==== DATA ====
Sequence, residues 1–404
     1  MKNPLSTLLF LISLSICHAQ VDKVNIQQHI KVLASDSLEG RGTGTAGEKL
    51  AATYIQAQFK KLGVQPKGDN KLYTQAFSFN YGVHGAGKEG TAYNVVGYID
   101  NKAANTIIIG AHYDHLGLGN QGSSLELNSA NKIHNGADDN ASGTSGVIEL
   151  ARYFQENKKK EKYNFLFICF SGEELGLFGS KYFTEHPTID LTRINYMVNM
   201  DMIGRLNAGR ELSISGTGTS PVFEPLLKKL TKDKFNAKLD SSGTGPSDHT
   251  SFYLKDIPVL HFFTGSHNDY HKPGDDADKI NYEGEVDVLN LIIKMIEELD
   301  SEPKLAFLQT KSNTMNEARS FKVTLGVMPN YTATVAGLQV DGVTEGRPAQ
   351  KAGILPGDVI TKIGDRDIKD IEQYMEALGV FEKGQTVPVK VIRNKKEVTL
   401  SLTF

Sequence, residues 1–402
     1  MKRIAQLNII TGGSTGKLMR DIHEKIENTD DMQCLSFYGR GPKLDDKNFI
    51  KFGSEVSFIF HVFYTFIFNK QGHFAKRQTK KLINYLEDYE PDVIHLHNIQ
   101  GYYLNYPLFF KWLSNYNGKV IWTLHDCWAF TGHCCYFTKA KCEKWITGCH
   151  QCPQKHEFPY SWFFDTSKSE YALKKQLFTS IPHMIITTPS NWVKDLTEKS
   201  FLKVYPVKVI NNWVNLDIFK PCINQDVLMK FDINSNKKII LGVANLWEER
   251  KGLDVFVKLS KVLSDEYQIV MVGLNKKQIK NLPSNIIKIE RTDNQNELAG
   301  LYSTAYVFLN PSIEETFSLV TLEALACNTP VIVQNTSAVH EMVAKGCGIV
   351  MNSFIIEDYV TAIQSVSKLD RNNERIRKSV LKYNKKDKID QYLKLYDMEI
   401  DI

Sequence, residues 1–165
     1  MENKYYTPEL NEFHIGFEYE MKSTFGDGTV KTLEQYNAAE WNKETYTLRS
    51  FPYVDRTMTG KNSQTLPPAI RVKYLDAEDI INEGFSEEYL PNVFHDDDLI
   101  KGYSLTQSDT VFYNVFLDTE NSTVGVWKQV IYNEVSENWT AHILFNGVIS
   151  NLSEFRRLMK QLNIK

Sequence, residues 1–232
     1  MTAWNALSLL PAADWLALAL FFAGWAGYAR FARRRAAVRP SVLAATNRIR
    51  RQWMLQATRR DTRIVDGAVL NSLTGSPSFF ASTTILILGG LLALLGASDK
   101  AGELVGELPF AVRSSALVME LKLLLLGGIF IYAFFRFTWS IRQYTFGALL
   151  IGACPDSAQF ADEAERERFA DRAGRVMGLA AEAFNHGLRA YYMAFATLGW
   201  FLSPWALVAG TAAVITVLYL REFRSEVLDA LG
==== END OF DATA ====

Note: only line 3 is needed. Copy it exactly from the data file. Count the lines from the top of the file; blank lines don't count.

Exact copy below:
    51  AATYIQAQFK KLGVQPKGDN KLYTQAFSFN YGVHGAGKEG TAYNVVGYID